The Proslavery Argument in the Early Republic, 1790-1830
Morrison, Larry Robert, Corcoran Department of History, University of Virginia
Ellis, Richard E., Department of History, University of Virginia
Brugger, Robert J., Department of History, University of Virginia
According to the standard view of Southern history, there was a strong antislavery tradition in the South until the 1830's when the militant abolitionist attacks upon not only slavery but also slaveholders forced Southerners into a defense of their peculiar institution. This view over looks, however, the strong proslavery tradition that also existed in the South from 1790 to 1830. This study is an attempt to re-examine this period and consider the proslavery arguments that did exist in the early United States.
Examining sources primarily from the public forum, such as speeches, newspaper articles, and pamphlets, this study focuses upon the proslavery positions presented in the early republic. It looks at not only the actual statements but also the rationale behind them. The defenses used ranged from Biblical sanction and historical precedent to “scientific” evidence, from constitutionalism and economics to social considerations and racism. In each instance, proslavery advocates justified the institution of black slavery, and the way of life based on it, as not only necessary but also beneficial for both whites and blacks.
Proslavery sentiment, however, was not a monolithic and unchanging creed during the period, but rather a fluid pattern of belief very much affected by other events of the period, such as the debates over ending the slave trade, the Missouri controversy, Denmark Vesey's attempted insurrection, and the efforts to get federal funding for emancipation and colonization. What did exist was a series of dis jointed but interconnecting arguments which formed a disparate combination of special pleadings and appeals.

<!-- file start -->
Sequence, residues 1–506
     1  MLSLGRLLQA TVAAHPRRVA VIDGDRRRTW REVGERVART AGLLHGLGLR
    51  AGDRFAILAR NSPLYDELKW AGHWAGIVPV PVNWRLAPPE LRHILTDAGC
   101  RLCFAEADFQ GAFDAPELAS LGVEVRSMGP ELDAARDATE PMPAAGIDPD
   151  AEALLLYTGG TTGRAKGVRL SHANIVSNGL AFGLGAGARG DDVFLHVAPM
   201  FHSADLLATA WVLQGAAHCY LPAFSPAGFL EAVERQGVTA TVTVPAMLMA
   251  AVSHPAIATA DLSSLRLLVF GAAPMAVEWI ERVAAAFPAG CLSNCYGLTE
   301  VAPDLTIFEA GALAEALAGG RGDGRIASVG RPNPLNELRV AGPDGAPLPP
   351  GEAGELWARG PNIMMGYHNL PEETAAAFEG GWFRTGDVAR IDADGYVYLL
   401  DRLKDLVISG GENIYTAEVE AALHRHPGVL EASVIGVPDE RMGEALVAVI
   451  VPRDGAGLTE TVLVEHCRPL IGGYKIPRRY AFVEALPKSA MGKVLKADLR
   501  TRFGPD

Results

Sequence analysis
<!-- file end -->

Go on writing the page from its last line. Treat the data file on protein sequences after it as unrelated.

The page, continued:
Initially, in 1790, the majority of Southerners either quietly accepted the institution of chattel slavery or else was apologetic about it. This posture changed with the expansion of the institution and the attacks upon it. Whether fully accepted by everyone or not, by the Revolutionary period the institution of black slavery was an integral part of the Southern way of life. Both economically and socially many Southerners regarded slavery as necessary, and saw attacks upon it as attacks upon their way of life; thus, they rushed to defend slavery and slaveholding. By 1830, with repeated assertions and elaborations, the earlier disjointed arguments had been welded into a fairly comprehensive proslavery defense which lay a firm foundation for the later militant “positive good" theory of slavery.
In retrospect it seems that in the early republic slavery's advocates were as proslavery as they needed to be to defend the institution. Proslavery postures were so muted in these early years because the institution was basically accepted and proponents felt no real need to justify that which was so little questioned. However as the attacks upon the institution became more aggressive and pointed, so too did the defense and justifications for slavery. In the final analysis, the difference between the pro slavery sentiment of the early republic and that of the post-1830's was not the degree of the acceptance or commitment to black slavery, but the degree of the public acknowledgement and emotionalism attached to that commitment.
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PHD (Doctor of Philosophy)
Slavery, Southern States, United States, Controversial literature
Digitization of this thesis was made possible by a generous grant from the Jefferson Trust, 2015.
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